These stagnant poverty and income numbers in the face of economic growth focused at the top should be a wake-up call for policymakers that greater action is needed to bolster family economic security. Fortunately, with the right public policies, we can dramatically reduce poverty and inequality in America.

The larger context of the data

Poverty is a commonplace experience

Poverty and economic insecurity are commonplace experiences in America. In fact, four in five Americans experience economic insecurity during their working years, underscoring that social insurance and assistance programs offer important protections from hardship that we all need.

The national poverty rate represents the 46.7 million Americans with incomes below the official poverty line—roughly $24,000 per year for a family of four—last year. It is commonly assumed that the actual group of people living below the poverty line does not change much from year to year. In fact, however, movement above and below the poverty line is common: Although the percentage of people living in poverty may remain the same from year to year, many of the people who actually experience poverty each year are different.

As shown in Figure 1, the most recent Census data tracking income changes for families over time reveal that 14.8 million people who had income below the poverty line in 2009 were no longer poor in 2012. A larger number—15.7 million people—had income above the poverty line in 2009 but were poor in 2012.

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In addition to annual poverty rates, the Bureau of the Census also tracks monthly poverty rates. According to this measure, a family is poor in a particular month if its income for that month falls below the annual poverty threshold divided by 12, so if a family of four had monthly income in June 2014 that fell below about $2,000, it would be counted as poor in that month. These data show that short poverty spells were quite common between 2009 and 2012, while persistent poverty was relatively uncommon. For example, nearly 35 percent of Americans saw their monthly incomes fall below the monthly poverty line in two or more months during this four-year span, while only 2.7 percent of Americans lived in poverty for all 48 months during this period.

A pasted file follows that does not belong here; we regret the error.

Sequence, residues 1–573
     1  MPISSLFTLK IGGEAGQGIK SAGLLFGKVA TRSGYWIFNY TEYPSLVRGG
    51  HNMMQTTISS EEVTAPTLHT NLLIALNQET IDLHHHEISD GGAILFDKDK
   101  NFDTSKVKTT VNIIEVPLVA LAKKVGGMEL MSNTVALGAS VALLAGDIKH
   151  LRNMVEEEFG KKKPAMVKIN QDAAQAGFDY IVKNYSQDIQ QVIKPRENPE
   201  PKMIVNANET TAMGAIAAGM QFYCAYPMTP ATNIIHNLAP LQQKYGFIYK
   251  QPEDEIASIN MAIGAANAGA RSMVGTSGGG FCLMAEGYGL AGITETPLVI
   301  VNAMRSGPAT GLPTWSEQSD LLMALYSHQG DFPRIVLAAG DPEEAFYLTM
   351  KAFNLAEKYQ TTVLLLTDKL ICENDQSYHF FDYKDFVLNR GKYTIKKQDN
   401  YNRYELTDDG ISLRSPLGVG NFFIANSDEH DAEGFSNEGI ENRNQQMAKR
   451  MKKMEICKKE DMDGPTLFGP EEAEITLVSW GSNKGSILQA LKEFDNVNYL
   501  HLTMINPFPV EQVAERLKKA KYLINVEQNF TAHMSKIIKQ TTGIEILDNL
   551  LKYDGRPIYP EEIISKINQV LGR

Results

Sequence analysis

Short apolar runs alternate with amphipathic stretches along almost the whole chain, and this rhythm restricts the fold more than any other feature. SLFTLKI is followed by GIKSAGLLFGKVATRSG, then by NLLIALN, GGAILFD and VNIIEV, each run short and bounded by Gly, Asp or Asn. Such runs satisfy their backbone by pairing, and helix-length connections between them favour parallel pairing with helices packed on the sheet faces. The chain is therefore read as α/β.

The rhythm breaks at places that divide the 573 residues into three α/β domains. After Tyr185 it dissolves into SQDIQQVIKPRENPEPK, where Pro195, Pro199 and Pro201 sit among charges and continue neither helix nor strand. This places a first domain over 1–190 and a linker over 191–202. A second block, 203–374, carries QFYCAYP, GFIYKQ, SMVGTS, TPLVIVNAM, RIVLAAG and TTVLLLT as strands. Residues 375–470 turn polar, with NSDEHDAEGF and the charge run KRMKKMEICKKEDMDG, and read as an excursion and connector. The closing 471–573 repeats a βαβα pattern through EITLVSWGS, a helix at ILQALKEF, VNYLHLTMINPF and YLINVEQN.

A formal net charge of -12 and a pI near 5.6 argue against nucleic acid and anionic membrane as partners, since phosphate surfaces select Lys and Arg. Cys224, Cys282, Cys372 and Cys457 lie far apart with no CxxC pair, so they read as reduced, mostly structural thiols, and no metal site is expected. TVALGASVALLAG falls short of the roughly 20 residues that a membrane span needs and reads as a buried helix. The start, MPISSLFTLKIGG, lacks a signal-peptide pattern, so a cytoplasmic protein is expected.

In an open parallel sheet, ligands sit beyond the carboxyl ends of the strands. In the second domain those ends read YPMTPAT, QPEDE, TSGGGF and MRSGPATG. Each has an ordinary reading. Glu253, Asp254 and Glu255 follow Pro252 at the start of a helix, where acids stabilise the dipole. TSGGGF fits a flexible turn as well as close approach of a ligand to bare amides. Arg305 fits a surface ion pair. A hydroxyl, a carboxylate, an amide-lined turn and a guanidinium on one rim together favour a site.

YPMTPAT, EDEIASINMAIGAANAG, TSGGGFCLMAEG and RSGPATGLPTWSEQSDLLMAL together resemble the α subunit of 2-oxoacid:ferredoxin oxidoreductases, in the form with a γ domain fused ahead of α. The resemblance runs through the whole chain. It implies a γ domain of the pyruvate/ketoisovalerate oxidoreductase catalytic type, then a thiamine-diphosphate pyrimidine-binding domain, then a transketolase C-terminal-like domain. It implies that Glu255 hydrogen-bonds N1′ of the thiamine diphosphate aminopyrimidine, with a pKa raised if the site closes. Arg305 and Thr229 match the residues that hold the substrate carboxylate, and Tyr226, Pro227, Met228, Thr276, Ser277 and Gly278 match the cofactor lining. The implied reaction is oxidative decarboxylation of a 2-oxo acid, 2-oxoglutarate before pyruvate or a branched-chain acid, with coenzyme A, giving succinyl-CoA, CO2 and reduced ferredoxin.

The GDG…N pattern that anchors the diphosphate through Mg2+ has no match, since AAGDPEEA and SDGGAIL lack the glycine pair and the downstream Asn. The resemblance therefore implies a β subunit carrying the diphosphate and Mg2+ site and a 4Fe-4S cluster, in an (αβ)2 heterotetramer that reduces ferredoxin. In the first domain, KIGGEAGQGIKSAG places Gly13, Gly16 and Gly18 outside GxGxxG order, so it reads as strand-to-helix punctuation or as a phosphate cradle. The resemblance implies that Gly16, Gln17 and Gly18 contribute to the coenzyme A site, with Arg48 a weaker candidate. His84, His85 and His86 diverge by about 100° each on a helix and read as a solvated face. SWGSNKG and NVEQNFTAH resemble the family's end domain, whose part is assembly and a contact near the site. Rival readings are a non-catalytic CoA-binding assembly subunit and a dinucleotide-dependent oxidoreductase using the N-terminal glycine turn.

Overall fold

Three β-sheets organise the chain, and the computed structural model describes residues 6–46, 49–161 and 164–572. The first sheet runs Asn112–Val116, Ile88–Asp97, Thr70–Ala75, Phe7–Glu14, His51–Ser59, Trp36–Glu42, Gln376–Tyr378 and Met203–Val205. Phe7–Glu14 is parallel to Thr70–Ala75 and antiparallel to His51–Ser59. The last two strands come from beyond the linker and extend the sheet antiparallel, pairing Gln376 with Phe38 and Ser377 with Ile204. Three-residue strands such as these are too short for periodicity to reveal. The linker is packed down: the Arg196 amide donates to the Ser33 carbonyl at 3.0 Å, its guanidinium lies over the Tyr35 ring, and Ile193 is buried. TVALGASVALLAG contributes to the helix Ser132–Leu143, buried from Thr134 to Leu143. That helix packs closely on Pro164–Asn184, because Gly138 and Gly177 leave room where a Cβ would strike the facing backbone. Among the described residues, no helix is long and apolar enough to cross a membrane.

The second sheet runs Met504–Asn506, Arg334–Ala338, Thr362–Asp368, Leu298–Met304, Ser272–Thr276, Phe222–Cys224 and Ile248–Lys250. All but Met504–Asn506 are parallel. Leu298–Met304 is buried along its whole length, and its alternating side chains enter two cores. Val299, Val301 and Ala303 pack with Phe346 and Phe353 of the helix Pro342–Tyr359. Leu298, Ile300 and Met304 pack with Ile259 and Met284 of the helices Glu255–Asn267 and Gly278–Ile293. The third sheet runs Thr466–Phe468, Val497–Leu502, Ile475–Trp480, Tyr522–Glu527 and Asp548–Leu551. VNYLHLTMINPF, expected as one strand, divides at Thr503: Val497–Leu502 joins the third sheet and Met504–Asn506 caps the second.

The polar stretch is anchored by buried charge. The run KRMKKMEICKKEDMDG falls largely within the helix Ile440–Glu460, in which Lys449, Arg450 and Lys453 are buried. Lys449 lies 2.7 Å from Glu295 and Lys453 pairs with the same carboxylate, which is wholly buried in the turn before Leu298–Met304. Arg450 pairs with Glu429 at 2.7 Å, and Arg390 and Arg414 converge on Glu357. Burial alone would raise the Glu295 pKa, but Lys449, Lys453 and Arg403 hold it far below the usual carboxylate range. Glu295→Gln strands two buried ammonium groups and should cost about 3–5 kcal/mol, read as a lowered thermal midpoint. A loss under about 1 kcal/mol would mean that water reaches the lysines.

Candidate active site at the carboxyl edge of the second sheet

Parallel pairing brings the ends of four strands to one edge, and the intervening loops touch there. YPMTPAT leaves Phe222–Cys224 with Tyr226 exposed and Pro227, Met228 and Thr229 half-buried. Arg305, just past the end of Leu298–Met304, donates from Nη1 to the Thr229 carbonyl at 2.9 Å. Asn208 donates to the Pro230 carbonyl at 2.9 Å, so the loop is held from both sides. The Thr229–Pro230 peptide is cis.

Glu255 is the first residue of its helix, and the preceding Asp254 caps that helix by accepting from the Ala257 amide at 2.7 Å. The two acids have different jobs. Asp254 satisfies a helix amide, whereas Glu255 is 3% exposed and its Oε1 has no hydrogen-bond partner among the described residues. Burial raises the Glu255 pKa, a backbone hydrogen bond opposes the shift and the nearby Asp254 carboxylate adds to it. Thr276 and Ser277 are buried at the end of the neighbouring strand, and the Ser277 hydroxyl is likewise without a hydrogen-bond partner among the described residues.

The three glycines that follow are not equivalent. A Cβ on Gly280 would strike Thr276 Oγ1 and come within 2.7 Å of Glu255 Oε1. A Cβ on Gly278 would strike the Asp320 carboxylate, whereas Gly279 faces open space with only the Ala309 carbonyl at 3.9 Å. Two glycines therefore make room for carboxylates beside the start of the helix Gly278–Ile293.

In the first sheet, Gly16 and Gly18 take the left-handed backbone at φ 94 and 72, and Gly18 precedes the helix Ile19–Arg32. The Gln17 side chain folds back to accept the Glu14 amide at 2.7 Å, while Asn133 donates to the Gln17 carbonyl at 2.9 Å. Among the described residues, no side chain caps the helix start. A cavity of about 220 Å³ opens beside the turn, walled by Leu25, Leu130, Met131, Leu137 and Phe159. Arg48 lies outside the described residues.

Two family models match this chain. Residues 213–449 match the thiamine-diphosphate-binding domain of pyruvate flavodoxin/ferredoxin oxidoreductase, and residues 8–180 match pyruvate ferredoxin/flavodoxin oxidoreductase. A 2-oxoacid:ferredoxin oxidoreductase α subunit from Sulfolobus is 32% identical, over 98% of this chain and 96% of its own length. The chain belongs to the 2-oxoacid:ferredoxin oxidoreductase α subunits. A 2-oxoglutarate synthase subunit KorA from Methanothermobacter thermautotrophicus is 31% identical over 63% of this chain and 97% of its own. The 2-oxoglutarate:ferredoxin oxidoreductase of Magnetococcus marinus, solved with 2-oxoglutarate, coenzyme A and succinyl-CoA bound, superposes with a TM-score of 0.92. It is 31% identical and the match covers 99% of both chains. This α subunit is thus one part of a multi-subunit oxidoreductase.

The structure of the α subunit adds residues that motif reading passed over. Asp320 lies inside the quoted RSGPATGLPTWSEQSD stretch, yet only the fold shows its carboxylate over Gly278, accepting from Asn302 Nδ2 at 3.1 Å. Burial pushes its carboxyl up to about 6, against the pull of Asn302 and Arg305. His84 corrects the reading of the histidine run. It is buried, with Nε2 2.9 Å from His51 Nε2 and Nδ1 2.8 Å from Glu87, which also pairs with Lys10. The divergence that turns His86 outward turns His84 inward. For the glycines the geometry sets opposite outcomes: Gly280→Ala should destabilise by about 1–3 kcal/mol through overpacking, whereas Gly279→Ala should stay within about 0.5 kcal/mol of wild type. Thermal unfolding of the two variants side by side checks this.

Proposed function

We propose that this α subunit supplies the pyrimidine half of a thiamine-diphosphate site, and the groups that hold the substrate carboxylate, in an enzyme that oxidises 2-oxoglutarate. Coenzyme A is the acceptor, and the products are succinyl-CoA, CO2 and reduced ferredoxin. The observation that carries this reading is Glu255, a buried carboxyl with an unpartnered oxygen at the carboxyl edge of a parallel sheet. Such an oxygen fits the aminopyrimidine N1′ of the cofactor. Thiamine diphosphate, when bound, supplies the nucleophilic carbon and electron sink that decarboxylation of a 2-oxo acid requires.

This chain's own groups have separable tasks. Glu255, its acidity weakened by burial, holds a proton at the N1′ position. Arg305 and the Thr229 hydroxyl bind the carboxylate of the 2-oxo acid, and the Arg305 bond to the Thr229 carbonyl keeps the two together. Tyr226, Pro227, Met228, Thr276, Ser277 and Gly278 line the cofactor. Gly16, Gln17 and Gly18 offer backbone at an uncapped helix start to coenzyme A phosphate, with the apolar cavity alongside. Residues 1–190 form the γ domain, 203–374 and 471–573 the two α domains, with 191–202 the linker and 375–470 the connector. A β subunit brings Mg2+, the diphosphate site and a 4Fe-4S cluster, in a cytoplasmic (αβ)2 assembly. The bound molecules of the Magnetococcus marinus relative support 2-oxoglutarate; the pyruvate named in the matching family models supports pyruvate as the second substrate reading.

The commonplace nature of poverty and economic insecurity is also captured in research that follows adults over the entire span of their working lives. Tracking the same adults over a roughly 41-year period from 1968 to 2009, Mark Rank, Thomas Hirschl, and Kirk Foster found that four in five adults experienced economic insecurity between the ages of 25 and 60. The researchers define economic insecurity as having annual income below 150 percent of the official poverty level, having an unemployed head of household, or receiving means-tested assistance.

Social insurance and assistance help protect children and working-age adults against a number of common risks to their economic security, including job loss, cuts to working hours or pay, illness and disability, divorce or separation, and new caregiving responsibilities. Our core public system of social insurance and assistance helps families afford basic needs such as housing, food, and transportation during tough times. Fortunately, it is there to protect all Americans—the vast majority of whom will be affected by the messy ups and downs of life at one point or another. As Congress considers deep cuts to supports such as Social Security Disability Insurance, nutrition assistance, and annually funded programs such as affordable housing and child care, policymakers would do well to remember that a much larger share of Americans than is commonly understood is at risk of hardship and has a stake in these critical programs. In other words, “the poor” are us.

Stagnant wages, eroding labor standards, and growing inequality prevent the poverty rate from falling faster

The poverty rate remains higher than it should be because of wage stagnation and the growth of inequality. Policies to boost wages and restore labor standards are essential elements of an effective strategy to reduce poverty in America.

The surest pathway out of poverty is a well-paying job. Unfortunately, even as the employment numbers have improved in the past year, the poverty rate has declined only slowly because many Americans remain stuck with flat or declining wages, reduced hours, and inadequate labor protections. This is not a new trend. Except for a brief period in the late 1990s, over the past four decades, the gains from rising profits and productivity have gone mainly to those at the top of income ladder, while average Americans have seen their wages remain flat or even decline in real terms.